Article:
"Anthology" is the second compilation album by the British Heavy metal band "Saxon" and was releasd in 1988 as a 12" double LP set. This web-page has hi-res photos of the album covers, record label and a detailed description.


large album front cover photo of: SAXON - Anthology

Album Description & Collectors information:


This double album "SAXON - Anthology 2LP NWOBHM" has a gatefold/foc cover.

Transcript of the Liner Notes

SAXON crashed onto the scene at the beginning of 'The New Wave of British Heavy Metal.' Releasing their first album 'Saxon' in 1979, containing shout it out lyrics and anthemic songs. The band soon attracted a lot of interest, by touring with well known heavy rock bands at the time including Motorhead and Nazereth. The second album 'Wheels of Steel' appeared in 1980, a cornucopia of loud, hard and fast, down to earth heavy metal, played at it's best. 'Strong Arm of the Law' also released in 1980 followed in the footsteps of the british metal scene andirthey began to sell out the country's major rock venues, never compromising to any outside pressure from the press or to their claim following of the genre) welcoming each subsequent release with open arms. Playing heavy metal like no other band, Saxon must be one of popular rock shores. So just put the album on the stereo, crank up the volume and be prepared for some heavy metal thunder.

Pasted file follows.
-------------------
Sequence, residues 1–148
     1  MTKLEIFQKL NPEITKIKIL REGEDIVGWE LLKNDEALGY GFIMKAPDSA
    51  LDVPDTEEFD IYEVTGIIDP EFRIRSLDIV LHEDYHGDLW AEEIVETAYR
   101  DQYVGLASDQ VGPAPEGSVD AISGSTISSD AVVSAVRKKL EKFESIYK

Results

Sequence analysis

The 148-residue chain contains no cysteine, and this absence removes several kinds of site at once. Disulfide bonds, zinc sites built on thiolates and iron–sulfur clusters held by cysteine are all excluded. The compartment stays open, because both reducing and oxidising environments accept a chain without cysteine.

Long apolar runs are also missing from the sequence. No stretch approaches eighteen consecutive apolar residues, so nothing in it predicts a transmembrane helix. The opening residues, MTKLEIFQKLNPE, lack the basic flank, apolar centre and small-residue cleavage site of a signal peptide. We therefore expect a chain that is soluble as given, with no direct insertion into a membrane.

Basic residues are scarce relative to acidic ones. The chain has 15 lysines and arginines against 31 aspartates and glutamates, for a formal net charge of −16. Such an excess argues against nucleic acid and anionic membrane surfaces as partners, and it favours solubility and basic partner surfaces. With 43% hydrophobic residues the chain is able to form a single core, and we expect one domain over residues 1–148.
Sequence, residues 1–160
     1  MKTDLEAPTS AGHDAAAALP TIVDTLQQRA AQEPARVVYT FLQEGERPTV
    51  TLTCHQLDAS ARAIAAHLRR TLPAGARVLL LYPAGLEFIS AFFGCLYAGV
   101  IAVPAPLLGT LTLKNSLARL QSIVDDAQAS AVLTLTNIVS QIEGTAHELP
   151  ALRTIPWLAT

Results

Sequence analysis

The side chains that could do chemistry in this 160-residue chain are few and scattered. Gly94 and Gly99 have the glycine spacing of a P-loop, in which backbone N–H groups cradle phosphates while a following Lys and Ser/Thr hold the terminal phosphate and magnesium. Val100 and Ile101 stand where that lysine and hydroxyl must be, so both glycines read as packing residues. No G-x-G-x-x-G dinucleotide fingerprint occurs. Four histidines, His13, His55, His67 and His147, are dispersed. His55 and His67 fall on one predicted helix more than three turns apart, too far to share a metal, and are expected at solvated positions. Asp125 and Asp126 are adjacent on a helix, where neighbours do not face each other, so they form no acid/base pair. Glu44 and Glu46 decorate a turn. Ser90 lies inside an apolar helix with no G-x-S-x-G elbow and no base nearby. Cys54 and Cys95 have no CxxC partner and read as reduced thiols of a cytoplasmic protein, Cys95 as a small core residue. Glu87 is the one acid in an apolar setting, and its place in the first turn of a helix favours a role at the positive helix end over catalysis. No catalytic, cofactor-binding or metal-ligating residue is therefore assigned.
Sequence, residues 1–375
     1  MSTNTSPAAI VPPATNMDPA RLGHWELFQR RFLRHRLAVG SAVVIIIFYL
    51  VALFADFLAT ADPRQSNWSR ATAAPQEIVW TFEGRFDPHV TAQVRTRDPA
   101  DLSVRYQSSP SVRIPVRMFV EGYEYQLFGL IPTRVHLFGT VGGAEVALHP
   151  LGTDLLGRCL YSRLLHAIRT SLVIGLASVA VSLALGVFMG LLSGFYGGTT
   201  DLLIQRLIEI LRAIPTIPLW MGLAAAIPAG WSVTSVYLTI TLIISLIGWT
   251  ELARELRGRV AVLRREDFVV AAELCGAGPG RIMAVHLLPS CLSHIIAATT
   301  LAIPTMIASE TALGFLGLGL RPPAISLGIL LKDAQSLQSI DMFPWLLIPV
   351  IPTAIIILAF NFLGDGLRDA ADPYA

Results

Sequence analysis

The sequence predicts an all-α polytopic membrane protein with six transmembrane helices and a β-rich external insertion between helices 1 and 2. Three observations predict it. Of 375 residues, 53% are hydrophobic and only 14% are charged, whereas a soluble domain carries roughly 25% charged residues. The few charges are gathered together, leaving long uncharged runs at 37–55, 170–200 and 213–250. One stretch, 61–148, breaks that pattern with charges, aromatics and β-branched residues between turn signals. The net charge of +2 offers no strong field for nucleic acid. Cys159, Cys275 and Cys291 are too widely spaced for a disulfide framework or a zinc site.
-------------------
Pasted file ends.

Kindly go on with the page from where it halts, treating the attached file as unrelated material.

Music Genre:

New Wave of British Heavy Metal
Album  Production information:

The album: "SAXON - Anthology 2LP NWOBHM" was produced by: Castle Communications and

Jeff Glixman - Producer, Sound Engineer

Jeff Glixman a music producer, sound engineer and mastering engineer who has managed the NWOBHM band "Black Sabbath" and during the 1980s Glixman has produced albums for Gary Moore, Kansas, Magnum, Saxon and Yngwie J. Malmsteen.